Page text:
Womenometrics: The long-overdue rise of women startups in India
As the Government, along with private sector – incubators, accelerators, universities, associations, and industry bodies increasingly come together to support Indian women in their start-up journeys, it may well be time for women startups to go mainstream in the country.
- Indian women continue to face various forms of bias and constraints when they attempt to fulfil their ambitions as both entrepreneurs and investors.
- While India has grown from strength to strength to be the world’s third largest start-up hub, women-led startups still constitute a small fraction.
- Recognising this, the Government, other women entrepreneurs, and VCs, universities and industry bodies are coming together to provide support to women founders and help them realise their potential.
- With these efforts, India may finally find its way to get more women role models and the economics is surely going to be more lucid and well-established, thereby lending more breadth and depth to the startup ecosystem.
International Women’s Day has been celebrated for over 4 decades. The debate has also intensified in India over the past few years on on ways to enhance the role of women in the workforce and break the glass ceiling. Yet, despite all these efforts, it is a fact that only one out seven board members in India is a woman, according to the AON OnBoard 2019 report. The figures get even more sombering if we have a look at the start-up ecosystem.Despite being home to the world’s third largest start-up ecosystem with over 27,000 startups, India has only 5% women startup founders. As per Data Labs by Inc42, an average of 16% of leadership positions at VC firms and a mere 9% of board members are occupied by women at unicorn startups. Also, as our various interactions with VCs and women founders reveal, the perception that women are primary care givers, hold multiple responsibilities and thus, cannot hold dynamic jobs is the single-most, strongest weapon working against women.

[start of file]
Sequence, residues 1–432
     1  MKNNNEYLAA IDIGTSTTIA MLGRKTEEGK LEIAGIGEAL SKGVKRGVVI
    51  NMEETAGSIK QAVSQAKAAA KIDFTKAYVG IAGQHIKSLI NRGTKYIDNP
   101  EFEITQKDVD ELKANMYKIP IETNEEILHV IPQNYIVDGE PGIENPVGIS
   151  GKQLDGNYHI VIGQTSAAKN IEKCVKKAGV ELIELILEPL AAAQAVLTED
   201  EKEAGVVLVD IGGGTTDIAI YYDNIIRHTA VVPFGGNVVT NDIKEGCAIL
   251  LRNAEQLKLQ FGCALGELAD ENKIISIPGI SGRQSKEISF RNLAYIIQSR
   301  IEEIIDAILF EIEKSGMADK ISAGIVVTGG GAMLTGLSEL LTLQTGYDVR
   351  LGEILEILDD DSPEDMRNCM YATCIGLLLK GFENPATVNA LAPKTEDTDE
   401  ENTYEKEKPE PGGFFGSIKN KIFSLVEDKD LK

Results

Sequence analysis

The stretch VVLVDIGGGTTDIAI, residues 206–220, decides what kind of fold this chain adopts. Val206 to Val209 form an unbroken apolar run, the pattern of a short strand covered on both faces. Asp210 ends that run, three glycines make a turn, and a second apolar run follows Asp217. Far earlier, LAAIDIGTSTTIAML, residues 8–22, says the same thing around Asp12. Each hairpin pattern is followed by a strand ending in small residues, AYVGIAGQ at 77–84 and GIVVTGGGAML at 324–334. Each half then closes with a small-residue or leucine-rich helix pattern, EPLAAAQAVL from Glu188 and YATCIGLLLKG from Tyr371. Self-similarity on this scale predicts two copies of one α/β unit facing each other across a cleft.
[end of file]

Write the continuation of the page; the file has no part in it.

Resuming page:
Today, Indian VC women partners who hold substantial investment decision making powers could be gathered over a dinner table. Some of the top names includes Vaani Kola, Kalaari Capital; Roopa Kudva of the Omidyar Network India (the Indian arm of ebay); Varsha Tagare, Qualcomm Ventures India; Padmaja Ruparel, IAN Fund; Shanti Mohan, LetsVenture and Ankita Vashishta, Saha Fund.
The gender gap is not entirely due to lack of education in the society or lack of opportunities. Women’s participation in all economy activity is a meagre 23% in Kerala, the state with the highest literacy rate in the country. With respect to women in start-ups, it is even lower at 12%, while the national average stands at is 14%.
Vijayalakshmi Rao, a mentor and business advisor for women entrepreneurs with TiE, IIT Madras and Keiretsu Forum, comments:
The biggest impediments to women’s growth are their own mindsets and the strong urge to hold back largely due to societal conditioning and expectations from themselves. Finding support/inspiration from other women or even having a like-minded peer group who are going through similar struggles helps women to break these barriers, first in their minds, and then unchain themselves from the society’s shackles and ultimately unleash their growth potential.
The good news is that VCs and the start-up ecosystem in India, is now proactively and increasingly looking at their investments through a gender lens. More VCs are implementing the women-only investment thesis where they fund only women-led startups.